If being a liveaboard yachtie is your thing, be it whilst sailing, or living on a yacht as a second home over weekends, or as a permanent lifestyle, the truth is you have to like the landfall. And to regular racing yachties participating in regional and international competitions that require staying over for different periods of time before making the return leg, mooring conditions are all important. In the case of visiting members of the international sailing fraternity, who have been spoilt for choice in putting down anchor at Blue Flag facilities around the globe, the city’s soon to be Blue Flag status marine clubs will be a bonus.
Facilities available to either permanent or visiting yachties at comfortable marinas can provide any number of pleasures including organized clubs equipped to handle emergencies, and entertainment facilities such as pubs and restaurants that can serve as useful distractions when needed.
For liveaboards in marinas or anchored berths, in either solitary environments or with family and friends, one of the many pleasures of this lifestyle is getting to know other cultures, countries and areas. Those who make their yacht their home in Cape Town, or whose port of call it is from afar, regularly comment on how easily weeks run into months while enjoying favourable sailing conditions. Yet, they say the rewards after a satisfying day of sailing, when coming ‘home’ to a pristine environment and lively community at anchorage, can be equally pleasing.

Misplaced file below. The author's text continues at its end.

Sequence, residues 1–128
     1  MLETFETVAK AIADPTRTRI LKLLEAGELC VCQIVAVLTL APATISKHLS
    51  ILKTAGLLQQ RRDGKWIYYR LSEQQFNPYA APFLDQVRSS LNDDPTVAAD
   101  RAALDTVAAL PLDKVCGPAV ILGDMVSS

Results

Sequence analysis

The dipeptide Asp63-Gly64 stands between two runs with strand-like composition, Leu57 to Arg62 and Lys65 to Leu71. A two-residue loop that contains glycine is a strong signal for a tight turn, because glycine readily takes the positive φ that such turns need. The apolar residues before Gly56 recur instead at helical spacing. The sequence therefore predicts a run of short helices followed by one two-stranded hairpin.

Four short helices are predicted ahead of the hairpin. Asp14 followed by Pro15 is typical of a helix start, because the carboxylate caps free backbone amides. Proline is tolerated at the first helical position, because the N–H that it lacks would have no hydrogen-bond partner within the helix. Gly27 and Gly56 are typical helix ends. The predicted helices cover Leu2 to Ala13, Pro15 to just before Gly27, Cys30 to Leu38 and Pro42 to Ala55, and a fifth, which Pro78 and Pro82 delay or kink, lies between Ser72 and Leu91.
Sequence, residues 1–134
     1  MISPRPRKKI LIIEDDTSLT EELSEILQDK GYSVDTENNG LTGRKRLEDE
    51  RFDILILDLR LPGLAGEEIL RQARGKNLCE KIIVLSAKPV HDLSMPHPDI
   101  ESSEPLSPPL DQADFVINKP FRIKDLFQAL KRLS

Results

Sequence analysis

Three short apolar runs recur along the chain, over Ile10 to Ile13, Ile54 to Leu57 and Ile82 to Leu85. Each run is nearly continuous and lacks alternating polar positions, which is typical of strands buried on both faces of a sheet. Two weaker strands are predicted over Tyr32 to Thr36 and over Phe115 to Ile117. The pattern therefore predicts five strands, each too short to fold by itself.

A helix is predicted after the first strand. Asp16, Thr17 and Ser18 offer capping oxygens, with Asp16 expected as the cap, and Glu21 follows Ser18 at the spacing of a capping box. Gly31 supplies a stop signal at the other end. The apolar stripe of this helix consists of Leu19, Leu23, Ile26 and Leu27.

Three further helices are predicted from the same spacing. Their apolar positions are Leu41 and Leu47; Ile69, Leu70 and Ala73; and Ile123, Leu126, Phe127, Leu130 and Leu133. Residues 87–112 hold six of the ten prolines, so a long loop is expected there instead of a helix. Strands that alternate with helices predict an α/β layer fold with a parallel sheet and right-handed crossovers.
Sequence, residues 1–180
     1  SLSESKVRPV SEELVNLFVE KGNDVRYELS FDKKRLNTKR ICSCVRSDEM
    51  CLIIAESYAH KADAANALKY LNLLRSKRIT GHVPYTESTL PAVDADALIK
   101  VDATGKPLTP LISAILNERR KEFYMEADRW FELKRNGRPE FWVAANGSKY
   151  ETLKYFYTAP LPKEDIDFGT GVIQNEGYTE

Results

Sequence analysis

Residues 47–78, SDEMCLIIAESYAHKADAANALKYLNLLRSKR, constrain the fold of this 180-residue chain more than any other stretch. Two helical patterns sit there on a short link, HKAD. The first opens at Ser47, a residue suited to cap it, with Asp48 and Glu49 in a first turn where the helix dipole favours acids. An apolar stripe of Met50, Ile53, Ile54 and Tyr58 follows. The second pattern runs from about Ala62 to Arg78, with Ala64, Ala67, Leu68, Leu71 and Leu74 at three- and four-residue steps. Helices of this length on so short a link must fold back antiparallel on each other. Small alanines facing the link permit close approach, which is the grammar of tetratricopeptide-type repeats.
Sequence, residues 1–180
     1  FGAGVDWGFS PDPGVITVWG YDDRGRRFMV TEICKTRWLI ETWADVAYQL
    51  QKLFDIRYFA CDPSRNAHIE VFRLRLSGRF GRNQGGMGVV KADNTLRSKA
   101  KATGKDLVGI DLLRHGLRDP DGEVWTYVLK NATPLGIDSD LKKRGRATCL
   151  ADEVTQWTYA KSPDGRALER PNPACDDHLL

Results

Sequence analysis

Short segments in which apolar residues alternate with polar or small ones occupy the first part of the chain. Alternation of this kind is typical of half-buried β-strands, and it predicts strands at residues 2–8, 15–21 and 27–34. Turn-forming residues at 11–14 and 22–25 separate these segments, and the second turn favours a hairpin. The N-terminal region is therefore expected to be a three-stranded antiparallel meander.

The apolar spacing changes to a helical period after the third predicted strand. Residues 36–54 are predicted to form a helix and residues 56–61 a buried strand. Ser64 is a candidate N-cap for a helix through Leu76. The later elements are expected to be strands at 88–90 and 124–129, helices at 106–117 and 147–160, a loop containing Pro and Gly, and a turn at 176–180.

And when yachties have a keen interest in their natural environment both on land and at sea, the state of such an environment becomes even more important. Most welcome then is recent news that of Cape Town’s 15 marine clubs approached by the city to join the Blue Flag Marina Programme, three have agreed to acquire international standards by June 2012. The three clubs that received Pilot Blue Flag Status, False Bay Yacht Club in Simonstown, Granger Bay Water Club in Mouille Point and Royal Cape Yacht Club at the V & A Waterfront, will be supported by the city toward complying with 24 Blue Flag International criteria. Each participating marina is also required to run three environmental education programmes through the City’s Youth Environmental School programme, with outcomes to be announced in October, 2012.
SA has participated in The Blue Flag voluntary eco label award since 2001, with annual awards going to over 3650 beaches and marinas in over 44 different countries across the globe. The city views Blue Flag status as a significant tourism draw card that challenges local authorities, beach operators and yacht and marina management to achieve high standards in environmental management, environmental education, safety and security, and water quality.
Cape Town’s world class yachting facilities has resulted in the city hosting a number of events annually. Included are Cape Royal Yacht Club facilitating the starting point of the South Atlantic Yacht Race, previously known as the Cape To Rio. False Bay Yacht Club recently hosted the Lipton Cup, and is also the point of departure for the Cape to St Helena race. The city is a port of call on a biannual basis for the Clipper 11-12 Round the World Yacht Race that saw a 10 strong fleet of 68 foot competing yachts arriving, and departing on the fourth race to Western Australia after being moored at the V & A Waterfront last week.